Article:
This month I decided to do some investigation into the effects of TV and other electronic media on children and their development. How much TV is too much TV? and What kinds of TV are detrimental and if any of it is helpful to children’s growth?
It seems there is general agreement that a child’s exposure to TV of any type should be limited. The American Academy of Pediatrics even said children two years and younger should not watch any TV whatsoever. Yet, there is also general agreement that we are completely ignoring this advice. Most parents lobby for and seek TV programs with appropriate content as a matter of convenience, since TV clearly serves as a babysitter of sorts for parents feeling time-constraints.
In many homes the TV is turned on early and stays on late. The programs viewed shows less actual choice and more habit. There are TVs in several rooms of most homes. Many children not only have their own TV, but electronic games, a computer, a DVD player for the car, and the list goes on.
So why is this so bad? Why should we not allow children under two to even see the TV?
Young children’s brains are genetically programmed to develop most effectively when exposed to a rich environment. They must have lots of social interaction and language exposure. This leads to self awareness and understanding one’s role in society. They should have virtually limitless opportunities for physical play, imaginative play, and creativity.
Today’s toddlers have more and more of these vital experiences usurped by TV and other electronic media. Watching TV is a passive act that takes the place of play, socializing with other people, and receiving feedback on their actions and consequences of behaviour. It is a one-way street.
The toddler and preschooler period is desperately important for children to achieve significant mental, physical and social development. They learn to define and refine what is socially appropriate behaviour when they interact with others including parents, caregivers, and other children during play.
The most powerful influence for effective language development is verbal interactions with caregivers. TV means children miss speaking thousands of words and having another human being respond to them. Their questions are not asked or answered. They have missed human conversation.
Children need to explore their physical world and learn the fundamental laws of physics by manipulating objects. Fantasy play paves the way for understanding symbolism, which is the cornerstone of reading and mathematical skills. To learn the appropriate use of language, children need to speak and have others respond. TV does not allow this very important feedback. Social skills must be learned by practice with other humans. Without this children do not know how to emotionally respond to others. Fantasy and creativity are necessary for problem solving and academic challenges later in life.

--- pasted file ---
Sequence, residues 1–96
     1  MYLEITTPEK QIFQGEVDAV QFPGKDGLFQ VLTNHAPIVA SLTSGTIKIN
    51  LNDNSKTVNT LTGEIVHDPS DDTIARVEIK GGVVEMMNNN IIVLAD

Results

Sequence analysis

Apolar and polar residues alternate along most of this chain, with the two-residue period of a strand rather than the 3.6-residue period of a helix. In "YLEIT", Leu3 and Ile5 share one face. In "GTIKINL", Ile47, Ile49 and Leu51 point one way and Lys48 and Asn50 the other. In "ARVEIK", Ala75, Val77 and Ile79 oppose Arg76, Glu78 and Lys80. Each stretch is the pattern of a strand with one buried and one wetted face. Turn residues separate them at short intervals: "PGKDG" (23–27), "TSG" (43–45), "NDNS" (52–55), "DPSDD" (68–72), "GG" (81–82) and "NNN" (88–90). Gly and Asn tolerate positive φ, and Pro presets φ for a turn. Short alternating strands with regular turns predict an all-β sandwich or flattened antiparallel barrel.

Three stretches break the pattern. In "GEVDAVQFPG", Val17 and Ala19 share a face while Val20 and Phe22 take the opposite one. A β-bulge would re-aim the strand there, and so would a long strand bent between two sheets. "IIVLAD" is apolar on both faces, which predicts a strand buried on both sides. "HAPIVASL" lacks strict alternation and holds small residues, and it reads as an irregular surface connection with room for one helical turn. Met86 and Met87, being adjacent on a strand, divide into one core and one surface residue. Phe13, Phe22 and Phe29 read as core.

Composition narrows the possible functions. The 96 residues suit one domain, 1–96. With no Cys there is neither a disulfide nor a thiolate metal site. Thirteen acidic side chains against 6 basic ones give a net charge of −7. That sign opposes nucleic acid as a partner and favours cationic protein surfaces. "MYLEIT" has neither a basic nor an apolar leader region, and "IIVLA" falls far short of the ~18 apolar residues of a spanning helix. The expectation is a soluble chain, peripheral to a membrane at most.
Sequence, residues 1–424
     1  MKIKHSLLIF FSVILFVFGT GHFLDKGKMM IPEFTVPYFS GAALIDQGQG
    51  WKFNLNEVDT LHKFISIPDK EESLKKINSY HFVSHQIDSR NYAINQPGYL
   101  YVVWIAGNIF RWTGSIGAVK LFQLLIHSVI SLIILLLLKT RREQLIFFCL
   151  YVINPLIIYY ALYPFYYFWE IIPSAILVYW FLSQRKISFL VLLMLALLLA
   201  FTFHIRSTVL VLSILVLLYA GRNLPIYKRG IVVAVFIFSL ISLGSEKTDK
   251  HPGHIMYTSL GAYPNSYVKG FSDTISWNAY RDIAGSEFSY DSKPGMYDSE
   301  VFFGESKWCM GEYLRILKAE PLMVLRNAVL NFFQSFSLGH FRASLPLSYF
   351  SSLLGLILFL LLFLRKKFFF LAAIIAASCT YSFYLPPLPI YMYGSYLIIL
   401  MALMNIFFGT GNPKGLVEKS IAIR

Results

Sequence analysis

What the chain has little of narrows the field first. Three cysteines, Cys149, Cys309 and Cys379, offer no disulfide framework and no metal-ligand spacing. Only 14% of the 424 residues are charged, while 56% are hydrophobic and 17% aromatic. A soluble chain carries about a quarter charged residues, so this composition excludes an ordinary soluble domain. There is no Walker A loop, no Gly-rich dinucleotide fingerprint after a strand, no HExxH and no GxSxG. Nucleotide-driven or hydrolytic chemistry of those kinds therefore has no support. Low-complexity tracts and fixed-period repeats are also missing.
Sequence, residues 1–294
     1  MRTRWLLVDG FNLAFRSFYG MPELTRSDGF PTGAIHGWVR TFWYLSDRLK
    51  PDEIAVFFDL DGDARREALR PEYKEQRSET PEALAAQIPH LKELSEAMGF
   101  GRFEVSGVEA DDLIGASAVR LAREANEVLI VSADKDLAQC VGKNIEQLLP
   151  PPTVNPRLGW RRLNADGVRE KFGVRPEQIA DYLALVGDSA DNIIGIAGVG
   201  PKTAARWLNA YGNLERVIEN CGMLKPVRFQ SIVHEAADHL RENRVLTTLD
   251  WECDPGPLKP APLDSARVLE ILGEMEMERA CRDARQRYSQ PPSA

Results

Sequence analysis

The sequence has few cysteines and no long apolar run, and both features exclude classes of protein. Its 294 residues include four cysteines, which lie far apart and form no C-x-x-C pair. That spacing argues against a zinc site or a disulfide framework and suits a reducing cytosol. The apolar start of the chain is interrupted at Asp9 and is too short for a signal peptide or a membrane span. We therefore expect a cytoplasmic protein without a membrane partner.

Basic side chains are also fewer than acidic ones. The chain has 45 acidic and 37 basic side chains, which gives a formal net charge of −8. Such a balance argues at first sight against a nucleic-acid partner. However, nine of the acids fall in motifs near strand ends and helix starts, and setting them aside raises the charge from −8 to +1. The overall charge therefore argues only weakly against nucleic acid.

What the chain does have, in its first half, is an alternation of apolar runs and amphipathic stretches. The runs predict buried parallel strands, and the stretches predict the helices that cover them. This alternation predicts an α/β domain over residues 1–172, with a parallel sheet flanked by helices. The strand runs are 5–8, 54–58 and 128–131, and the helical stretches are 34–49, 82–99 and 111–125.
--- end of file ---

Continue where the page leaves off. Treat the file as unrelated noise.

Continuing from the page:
TV is bad because it replaces more creative and imaginative activities. It discourages reading and exercise. It exposes children to advertising and the increasing demand for material possessions. And finally it exposes children to violence and can increase aggressive behaviour in some children.
What kinds of TV are bad and what kinds are OK?
A study was done with 60 four-year-olds to see the effects of fast-paced cartoons. The children were divided into 3 groups. Each group were given something to do for nine minutes and then tested for the ability to focus, concentrate, wait patiently, memory, and manipulation. One group drew with crayons for the nine minutes. The second group watched an educational show called Cailou. The third group watched nine minutes of Sponge Bob. As you might suspect the children who watched Sponge Bob and its fast-paced sequences tested significantly worse on the attention and memory testing than children in the other two groups. There was no difference between the educational show and coloring groups. The human-Muppet interactions of Sesame Street are naturally paced, whereas the Sponge Bob sequences are unnaturally rapid. What the researchers concluded was that the unnatural pace of the cartoon sequences was over-stimulating and stressful to the child’s brain.
It stands to reason we should not expose our children to material that is not age-appropriate. While the program may not be damaging to your child, the commercials often are not age-appropriate. So be careful about the whole TV experience. Common TV themes are violence, sex, rebellion, crime, and horror. Please be very careful about what your children see as adults in the house are watching TV.
1. Keep the TV off before the child turns two. I know that sounds extreme, but these little ones do not benefit from TV and may actually be harmed in the long-run by it.
2. After age two, choose children’s shows and other media carefully. Aim for media that allows intelligent interaction between the show and the child. Dora, the Explorer is an good example.
3. Watch the chosen TV shows with your kids. As your children interact with the media, help them analyze and think critically about what they have just experienced.
4. Keep the TV out of kids’ rooms. Kids with their own TVs score an average of eight points lower on math and language tests than those in households with TVs in the family room.